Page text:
Date posted: 10 Jul 2019, 3 minutes to read

DevOps Principles series - Recording setup

Read more on why I created short video’s wherein I explain some of the DevOps principles and practices here.

DevOps Continues Cycle

Creating these video’s helps me getting a little more comfortable speaking to an audience, even if it is through a camera lens and with the ability to stop and do it again 😄. It also helps that I have some time to think through the message I’m trying to explain to the team. From there I am trying to get my intonation and articulation under control. This stuff is all new to me, so I am figuring this all out live on the job. I’m learning tons of stuff I didn’t really think about before. This will be explained below. Somehow I like to challenge myself and do this stuff out in the open 😁.


Let’s start with the basic setup. As I am trying to find out how this all works and where to go next, I am using the hard- and software I have available. As a laptop I happen to have a Dell XPS 15. The XPS range has a couple of issues in their design. The biggest one relevant to this post is the position of the webcam. Apparently the good people at Dell found the slim bezel on the top and sides of the screen more important than the actual usability of the webcam. So up the nose shots it will be, unless you try to overcome that (more on that later).

Webcam position lower left corner of the screen


I’ve tried a couple of different software downloads that are freely available, for example with a trial version. I know a couple of colleagues use Camtasia for this stuff, but I am not ready to commit to a € 260+ yearly purchase for a small series of video’s. Surely there must be something available that is sufficient for my objectives?

Windows 10 already has some options build in, like the default camera application. Unfortunately that will not let you record the screen as well, so only audio and the video through your webcam. What I want to achieve, is a PowerPoint presentation, with audio and my webcam in the lower right corner, taking about the subject at hand.

I once came across Soapbox, a Chrome plugin that can record the screen and impose your webcam video on top of it. This seemed like a nice solution, except that I found out that you need to pay to export the video! My goal is to create a playlist of all the video’s on my YouTube account and then share the video’s as needed. I am all for paying for the product if it adds value, yet I find that I am not ready to commit to anything yet.


Finally I came across a blog post that had a top 10 of video tools on Windows and it mentioned that PowerPoint has some functionality built in to record yourself while giving a presentation. This is to help the presenter with their timings, articulation and other things they need to see while rehearsing the presentation. Sounds like a good option, so I went ahead with it!

PowerPoint Slide Show Menu


Trying to prevent the weird shots, I’ve been testing with different setups. The goal is to find a setup where the camera is around my eye level and where I can sit comfortably talking over a presentation.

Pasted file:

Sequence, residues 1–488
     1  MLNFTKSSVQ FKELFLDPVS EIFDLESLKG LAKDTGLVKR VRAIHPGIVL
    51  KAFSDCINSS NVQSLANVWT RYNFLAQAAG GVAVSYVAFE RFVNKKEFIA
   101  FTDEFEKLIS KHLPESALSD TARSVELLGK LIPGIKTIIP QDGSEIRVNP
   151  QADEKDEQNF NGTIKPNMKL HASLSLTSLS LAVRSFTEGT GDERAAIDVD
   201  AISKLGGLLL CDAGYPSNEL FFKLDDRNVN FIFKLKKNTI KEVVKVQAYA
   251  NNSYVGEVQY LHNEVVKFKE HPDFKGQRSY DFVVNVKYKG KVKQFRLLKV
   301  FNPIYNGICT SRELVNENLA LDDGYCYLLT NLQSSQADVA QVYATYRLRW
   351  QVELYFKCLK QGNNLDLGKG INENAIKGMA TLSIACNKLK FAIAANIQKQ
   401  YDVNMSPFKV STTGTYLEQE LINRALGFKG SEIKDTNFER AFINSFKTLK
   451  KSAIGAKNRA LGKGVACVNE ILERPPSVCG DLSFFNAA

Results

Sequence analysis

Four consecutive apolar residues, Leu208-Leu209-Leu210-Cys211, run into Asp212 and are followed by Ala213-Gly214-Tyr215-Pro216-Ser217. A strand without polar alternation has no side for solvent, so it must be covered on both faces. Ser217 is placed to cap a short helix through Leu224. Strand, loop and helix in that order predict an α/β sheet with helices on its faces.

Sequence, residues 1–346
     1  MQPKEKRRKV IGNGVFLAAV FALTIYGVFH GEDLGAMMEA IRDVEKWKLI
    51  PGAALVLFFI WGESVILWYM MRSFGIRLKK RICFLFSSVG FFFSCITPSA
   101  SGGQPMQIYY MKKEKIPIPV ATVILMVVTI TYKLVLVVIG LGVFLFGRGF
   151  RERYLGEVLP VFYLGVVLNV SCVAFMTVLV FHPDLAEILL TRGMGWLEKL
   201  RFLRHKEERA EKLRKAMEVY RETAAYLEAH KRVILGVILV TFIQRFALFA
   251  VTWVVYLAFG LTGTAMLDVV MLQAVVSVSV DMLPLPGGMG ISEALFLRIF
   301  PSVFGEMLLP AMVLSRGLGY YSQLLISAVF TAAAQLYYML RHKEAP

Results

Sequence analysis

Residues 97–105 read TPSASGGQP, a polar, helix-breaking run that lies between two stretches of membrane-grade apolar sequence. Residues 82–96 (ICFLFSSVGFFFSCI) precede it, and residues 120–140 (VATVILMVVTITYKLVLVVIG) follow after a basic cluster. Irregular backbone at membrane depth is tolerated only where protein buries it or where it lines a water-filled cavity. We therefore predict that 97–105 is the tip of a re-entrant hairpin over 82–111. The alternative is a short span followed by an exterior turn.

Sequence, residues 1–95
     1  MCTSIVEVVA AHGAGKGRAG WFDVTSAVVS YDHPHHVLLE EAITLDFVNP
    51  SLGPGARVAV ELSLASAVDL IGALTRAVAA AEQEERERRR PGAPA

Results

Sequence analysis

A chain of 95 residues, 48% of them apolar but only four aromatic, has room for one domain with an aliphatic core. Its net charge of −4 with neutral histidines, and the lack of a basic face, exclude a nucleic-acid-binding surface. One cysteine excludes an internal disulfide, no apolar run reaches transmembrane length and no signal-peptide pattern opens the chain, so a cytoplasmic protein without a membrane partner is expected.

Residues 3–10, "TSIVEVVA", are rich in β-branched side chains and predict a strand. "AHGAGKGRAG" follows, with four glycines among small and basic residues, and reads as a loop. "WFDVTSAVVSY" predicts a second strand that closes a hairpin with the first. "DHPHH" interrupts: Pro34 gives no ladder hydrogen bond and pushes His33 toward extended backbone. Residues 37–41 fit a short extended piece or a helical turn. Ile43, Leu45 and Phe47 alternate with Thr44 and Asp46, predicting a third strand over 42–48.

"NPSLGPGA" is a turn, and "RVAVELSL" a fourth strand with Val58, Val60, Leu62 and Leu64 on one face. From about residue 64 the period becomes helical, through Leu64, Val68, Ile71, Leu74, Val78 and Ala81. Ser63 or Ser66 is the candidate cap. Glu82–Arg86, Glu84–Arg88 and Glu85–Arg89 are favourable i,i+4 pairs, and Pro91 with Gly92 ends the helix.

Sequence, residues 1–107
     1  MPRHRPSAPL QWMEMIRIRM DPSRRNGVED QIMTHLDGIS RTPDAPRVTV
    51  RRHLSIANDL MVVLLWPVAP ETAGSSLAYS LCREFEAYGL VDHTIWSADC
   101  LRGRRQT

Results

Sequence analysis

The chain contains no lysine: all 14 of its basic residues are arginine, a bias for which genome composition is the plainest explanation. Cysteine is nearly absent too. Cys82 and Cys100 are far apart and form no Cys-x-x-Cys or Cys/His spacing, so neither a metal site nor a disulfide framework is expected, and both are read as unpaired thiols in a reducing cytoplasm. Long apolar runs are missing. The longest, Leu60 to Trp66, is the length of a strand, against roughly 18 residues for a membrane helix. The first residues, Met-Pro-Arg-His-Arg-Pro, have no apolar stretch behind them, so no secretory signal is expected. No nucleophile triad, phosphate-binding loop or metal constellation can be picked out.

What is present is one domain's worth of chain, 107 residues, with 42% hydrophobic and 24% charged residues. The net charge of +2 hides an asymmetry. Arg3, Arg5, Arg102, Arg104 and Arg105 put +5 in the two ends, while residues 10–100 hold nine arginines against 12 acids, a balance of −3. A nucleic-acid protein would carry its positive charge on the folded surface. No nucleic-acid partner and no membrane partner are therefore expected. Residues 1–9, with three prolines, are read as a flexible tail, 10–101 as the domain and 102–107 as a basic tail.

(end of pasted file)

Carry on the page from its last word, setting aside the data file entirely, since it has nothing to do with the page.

Setup on desk with a pile of books underneath the laptop

Next up is trying out to record the videos while trying to look AT the camera.


I found out that light in your recording setup is really important, especially if you use the in-laptop webcam for it. More light is better! I tried recording with all the lights on in my living room, in front of a window and behind a large lamp in the kitchen. None of these were adequate enough for me: I need to invest in a good camera that I can freely position on the top of my laptop for a better view.


For sound, I recorded the first videos with the onboard microphone. You can hear the poor quality in the first three videos! As different options, I’ve used my iPhone headset (better), my Sony WH-1000XM2 Headset (bluetooth of the Dell XPS is crap, it flunks out after 30 seconds or so) and finally got my hands on a Trust Mantis GXT232 Streaming Microphone. Trust Microphone

This is the extra microphone that I needed! I even recorded with this one in a hotel, because of it’s size, it can easily be taken with me on-the-go.


After using PowerPoint I found that I needed a way to suppress the fans of my laptop: they do start to make a sound that you can hear in the first video’s: as soon as I start recording, everything goes over the video card and the fans start spinning 🙁. To overcome this I now use Streamlabs OBS. This open source streaming tool can also record and has the key-feature that I needed: noise filtering! Getting the level of the filter setup is still a search, so in some of the video’s the sound is rather soft. I trust that this will improve with more experience.

Note: Streamlabs OBS is an adaptation of another open source tool: [OBS](
OBS itself doesn't have great HiDPI support that I really needed on my 4K screen. It's not doable without it. Streamlabs has better support for it and the navigation is a lot easier to use.


You can find the entire playlist here. Some of the topics explained are:

  • What is DevOps?
  • If it hurts, do it more often
  • T-Shaped engineers
  • Shift Left

I try to keep them as short as possible.